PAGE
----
Dragon Hunting

Last Wednesday, I had the distinct pleasure of leading Phyllis and Justin on a Dragon Hunting adventure.

Justin and Phyllis - Dragon Hunters

They were in town from Oregon… quite a long way from here!  Originally, they had signed up for an Elderhostel intergenerational program we offer, but the June offering had to be cancelled.  They were the only ones signed up, unfortunately.  Not easily deterred, the adventurous pair did not cancel their travel plans.  So, off we went… the hunt was on!

Our first find (other than the ubiquitous Eastern Forktail) was a pretty little Slender SpreadwingSlender Spreadwing
Spreadwings are a kind of damselfly.  The Slender Spreadwing male is quite lovely: blue eyes, greenish shoulder stripes, lemon yellow under his thorax, metallic bronzy-green abdomen.  With spreadwings, to provide positive identification for the NYS Survey, you need to photograph the terminal appendage.

Slender Spreadwing Terminal Appendage

Justin learned quickly the safe way to handle these beauties, Justin Investigates Slender Spreadwing
and it wasn’t long before he got the knack of capturing them in his aerial net.

For most of the other species we found the NYS scientists require nothing more than an observation because the field marks are so distinctive it is difficult to confuse them for anything else. We captured them and photographed them nonetheless, just for fun.

Blue Dasher (male)
Blue Dasher

Eastern Pondhawk (male)
Eastern Pondhawk Male

Twelve-spotted Skimmer (female)
Twelve-spotted Skimmer Female

Common Whitetail (male)
Common Whitetail Male
This is the third year of the survey. I’ve seen plenty of Common Whitetails in a variety of habitats. I have never been able to net one, nor had anyone in my group that has netted one. But Justin did! Way to go, Justin!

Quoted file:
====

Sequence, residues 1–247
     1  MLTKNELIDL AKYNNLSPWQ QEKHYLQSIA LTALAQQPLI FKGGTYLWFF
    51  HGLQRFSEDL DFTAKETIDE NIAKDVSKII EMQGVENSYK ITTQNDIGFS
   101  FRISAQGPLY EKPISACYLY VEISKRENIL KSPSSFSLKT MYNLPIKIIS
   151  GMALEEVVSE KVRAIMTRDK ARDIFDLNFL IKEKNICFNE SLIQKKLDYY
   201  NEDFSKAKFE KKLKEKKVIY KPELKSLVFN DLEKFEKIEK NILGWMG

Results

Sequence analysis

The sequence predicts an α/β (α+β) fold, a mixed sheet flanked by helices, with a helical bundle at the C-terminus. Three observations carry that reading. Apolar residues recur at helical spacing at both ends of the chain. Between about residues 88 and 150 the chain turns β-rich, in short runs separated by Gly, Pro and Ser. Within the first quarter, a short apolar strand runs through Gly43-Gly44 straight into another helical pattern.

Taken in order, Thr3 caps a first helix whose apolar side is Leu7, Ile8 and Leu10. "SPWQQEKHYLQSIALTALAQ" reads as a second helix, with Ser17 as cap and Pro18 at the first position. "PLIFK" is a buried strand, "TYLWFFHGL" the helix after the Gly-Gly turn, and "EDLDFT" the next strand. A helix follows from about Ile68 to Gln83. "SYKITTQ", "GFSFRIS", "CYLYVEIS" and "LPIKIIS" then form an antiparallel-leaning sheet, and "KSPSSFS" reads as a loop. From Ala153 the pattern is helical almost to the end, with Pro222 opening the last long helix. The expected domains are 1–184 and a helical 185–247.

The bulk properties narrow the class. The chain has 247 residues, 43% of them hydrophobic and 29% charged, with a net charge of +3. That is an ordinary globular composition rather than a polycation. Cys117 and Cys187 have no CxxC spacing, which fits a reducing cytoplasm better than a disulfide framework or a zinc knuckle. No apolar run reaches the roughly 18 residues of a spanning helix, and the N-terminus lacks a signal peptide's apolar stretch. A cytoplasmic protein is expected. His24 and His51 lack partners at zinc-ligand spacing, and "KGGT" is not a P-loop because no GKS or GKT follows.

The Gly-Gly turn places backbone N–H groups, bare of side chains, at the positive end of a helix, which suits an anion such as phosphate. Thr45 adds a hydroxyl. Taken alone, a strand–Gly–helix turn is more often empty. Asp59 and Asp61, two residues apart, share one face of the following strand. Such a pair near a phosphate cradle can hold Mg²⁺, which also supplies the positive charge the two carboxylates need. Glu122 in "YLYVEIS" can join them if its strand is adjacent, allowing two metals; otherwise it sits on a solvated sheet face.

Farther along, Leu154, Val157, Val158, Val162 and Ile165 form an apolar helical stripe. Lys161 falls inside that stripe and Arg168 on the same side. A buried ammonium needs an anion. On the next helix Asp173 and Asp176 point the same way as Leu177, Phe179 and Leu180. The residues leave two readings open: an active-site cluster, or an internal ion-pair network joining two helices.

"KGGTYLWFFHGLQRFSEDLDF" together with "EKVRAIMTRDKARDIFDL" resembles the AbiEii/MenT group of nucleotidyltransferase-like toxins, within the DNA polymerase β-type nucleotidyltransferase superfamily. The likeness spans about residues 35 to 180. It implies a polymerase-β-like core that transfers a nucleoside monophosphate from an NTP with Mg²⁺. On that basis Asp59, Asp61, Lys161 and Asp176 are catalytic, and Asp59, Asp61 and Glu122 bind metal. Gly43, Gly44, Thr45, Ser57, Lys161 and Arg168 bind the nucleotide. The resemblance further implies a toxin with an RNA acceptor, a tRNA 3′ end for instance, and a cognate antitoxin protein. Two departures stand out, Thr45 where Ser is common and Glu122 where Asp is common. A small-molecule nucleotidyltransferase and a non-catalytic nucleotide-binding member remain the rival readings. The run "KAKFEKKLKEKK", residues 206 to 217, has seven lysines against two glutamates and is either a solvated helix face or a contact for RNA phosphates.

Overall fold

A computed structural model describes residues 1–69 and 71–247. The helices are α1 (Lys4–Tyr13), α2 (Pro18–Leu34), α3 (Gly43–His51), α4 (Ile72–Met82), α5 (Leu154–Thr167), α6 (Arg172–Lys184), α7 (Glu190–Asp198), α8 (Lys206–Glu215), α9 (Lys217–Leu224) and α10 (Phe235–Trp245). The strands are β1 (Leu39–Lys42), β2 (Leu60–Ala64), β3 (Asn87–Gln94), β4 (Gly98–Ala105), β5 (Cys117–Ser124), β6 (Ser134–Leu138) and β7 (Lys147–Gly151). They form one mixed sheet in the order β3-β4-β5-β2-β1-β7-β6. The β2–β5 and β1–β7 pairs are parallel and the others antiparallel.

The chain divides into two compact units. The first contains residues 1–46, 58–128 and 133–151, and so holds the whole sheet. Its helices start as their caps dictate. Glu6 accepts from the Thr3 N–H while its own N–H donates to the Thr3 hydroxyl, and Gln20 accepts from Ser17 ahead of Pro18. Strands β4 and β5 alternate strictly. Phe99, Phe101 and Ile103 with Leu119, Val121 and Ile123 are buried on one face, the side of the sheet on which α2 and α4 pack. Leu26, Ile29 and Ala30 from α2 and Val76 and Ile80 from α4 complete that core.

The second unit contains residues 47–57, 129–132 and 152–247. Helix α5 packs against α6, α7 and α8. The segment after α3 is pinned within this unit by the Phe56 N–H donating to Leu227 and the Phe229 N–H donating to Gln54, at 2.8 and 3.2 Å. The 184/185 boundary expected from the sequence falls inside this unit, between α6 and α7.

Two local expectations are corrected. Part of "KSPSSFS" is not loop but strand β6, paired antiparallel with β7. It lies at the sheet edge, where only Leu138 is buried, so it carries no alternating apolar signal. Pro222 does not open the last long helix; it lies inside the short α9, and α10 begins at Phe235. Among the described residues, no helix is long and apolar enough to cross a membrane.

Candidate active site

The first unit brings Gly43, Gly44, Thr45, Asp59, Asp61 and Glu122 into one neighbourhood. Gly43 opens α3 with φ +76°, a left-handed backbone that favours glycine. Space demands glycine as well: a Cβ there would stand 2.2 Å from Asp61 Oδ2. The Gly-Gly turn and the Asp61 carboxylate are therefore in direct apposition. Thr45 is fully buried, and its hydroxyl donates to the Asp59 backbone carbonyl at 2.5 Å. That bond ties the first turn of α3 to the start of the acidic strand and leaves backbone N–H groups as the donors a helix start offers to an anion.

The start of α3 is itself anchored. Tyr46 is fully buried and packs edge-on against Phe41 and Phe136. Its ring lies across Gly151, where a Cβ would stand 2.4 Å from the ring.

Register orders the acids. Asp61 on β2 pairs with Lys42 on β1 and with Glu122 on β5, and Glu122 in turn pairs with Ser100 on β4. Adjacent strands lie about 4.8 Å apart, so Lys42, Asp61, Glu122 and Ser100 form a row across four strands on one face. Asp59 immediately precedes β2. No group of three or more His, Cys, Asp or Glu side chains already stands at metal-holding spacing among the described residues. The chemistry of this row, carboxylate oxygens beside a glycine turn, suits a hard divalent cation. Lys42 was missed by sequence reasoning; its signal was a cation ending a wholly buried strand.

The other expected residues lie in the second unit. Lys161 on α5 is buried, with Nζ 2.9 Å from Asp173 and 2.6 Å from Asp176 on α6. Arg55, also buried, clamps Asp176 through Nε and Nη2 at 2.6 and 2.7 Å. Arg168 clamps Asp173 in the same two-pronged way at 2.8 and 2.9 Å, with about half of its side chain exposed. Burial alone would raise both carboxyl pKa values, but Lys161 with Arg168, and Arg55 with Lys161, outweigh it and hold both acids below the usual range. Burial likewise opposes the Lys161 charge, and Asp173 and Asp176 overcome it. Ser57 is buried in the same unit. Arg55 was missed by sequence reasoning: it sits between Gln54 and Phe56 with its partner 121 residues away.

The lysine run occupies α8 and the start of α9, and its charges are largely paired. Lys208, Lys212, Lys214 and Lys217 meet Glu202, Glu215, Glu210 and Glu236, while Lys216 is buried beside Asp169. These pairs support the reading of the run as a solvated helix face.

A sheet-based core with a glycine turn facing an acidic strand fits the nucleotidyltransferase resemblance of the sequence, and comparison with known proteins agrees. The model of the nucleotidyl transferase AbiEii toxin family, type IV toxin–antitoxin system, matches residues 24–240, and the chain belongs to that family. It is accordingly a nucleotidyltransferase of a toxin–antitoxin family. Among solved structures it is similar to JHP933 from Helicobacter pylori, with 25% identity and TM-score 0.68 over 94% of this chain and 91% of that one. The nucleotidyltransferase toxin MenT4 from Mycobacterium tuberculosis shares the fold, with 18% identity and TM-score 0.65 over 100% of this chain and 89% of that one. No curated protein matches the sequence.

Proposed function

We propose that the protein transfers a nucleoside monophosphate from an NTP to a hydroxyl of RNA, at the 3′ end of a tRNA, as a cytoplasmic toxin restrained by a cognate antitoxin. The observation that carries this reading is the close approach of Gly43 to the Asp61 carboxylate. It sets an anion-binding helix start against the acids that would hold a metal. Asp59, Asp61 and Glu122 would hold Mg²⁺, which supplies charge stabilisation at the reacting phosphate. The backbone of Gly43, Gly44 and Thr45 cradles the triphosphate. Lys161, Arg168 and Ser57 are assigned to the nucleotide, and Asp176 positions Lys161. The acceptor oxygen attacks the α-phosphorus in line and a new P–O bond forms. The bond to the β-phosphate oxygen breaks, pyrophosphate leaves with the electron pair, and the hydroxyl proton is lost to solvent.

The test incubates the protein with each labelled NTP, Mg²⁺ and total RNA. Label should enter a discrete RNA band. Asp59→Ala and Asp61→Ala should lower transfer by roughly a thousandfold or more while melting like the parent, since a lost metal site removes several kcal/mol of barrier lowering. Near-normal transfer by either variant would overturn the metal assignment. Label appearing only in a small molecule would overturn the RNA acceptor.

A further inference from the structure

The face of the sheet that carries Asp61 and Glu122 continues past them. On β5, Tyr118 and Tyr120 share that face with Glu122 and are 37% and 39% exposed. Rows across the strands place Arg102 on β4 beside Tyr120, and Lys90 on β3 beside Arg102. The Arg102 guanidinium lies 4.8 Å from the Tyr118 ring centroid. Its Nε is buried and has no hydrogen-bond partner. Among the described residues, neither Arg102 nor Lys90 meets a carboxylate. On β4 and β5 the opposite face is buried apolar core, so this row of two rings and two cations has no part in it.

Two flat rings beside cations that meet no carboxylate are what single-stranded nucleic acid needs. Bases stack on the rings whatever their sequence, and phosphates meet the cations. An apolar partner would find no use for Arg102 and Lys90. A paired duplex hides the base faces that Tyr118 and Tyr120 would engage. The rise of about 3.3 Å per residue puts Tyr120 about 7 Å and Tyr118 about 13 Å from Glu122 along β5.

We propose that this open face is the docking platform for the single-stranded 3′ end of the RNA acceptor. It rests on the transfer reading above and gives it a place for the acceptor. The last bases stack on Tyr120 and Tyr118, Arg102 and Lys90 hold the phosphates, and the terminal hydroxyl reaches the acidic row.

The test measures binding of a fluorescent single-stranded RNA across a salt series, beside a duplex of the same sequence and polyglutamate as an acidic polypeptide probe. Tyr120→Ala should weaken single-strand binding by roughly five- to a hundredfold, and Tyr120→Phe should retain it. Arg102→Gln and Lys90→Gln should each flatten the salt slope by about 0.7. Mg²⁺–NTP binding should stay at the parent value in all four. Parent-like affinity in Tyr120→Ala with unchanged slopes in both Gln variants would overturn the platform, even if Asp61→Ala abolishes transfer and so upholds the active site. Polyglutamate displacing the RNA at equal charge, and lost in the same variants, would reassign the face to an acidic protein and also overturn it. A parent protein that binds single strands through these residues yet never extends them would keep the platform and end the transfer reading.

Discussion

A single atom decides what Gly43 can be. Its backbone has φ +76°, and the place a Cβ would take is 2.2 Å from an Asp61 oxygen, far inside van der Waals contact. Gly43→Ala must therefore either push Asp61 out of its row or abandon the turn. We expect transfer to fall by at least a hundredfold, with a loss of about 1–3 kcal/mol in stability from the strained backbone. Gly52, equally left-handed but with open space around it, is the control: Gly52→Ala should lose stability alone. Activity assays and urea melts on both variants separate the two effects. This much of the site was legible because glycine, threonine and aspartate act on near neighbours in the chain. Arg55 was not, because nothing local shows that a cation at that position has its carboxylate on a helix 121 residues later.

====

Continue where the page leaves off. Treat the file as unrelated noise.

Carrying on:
Dot-tailed Whiteface (male)
Dot-tailed Whiteface

Face to Face with a Dot-tailed WhitefaceIt was a great day and I will file two official datasheets, as we visited two separate sites on the Audubon property.  I will also (eventually) log the two site surveys at my Odonata blog, which you can see by clicking here.


Dragons weren’t our only finds…

Check out this awesome caterpillar that Phyllis found.  I think it’s one of the Checkerspots:

Caterpillar

I kept spotting little grasshoppers when I was looking for dragons:Little Grasshopper

We stopped to check out the owl pellet and found this tiny jawbone:
Tiny Jaw Bone

It was great spending a couple of hours with this curious pair of visitors.  Justin, it was great to meet you.  You are a very delightful person and you have a really cool grandma.  Phyllis, it was great to meet you.  You’re doing a great thing with your grandkids.  I can STILL remember a trip I took with my grandma when I was but FIVE years old.  I didn’t get to meet Emily, but if she is as grateful as Justin, it must be a joy to spend time with her, too.

Happy travels!


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4 thoughts on “Dragon Hunting

  1. Pingback: Pages tagged "delightful"

  2. Great pictures throughout. I’ve been thinking of getting a net to try to get some of those dragons which are harder to get while they are perched (spot-winged gliders, wander gliders, etc.), but need to get someone to teach me how to do that and ‘chill’ them properly – I don’t want to hurt them.

    Have any contacts in this area (Philly) that do that you could let me know about?

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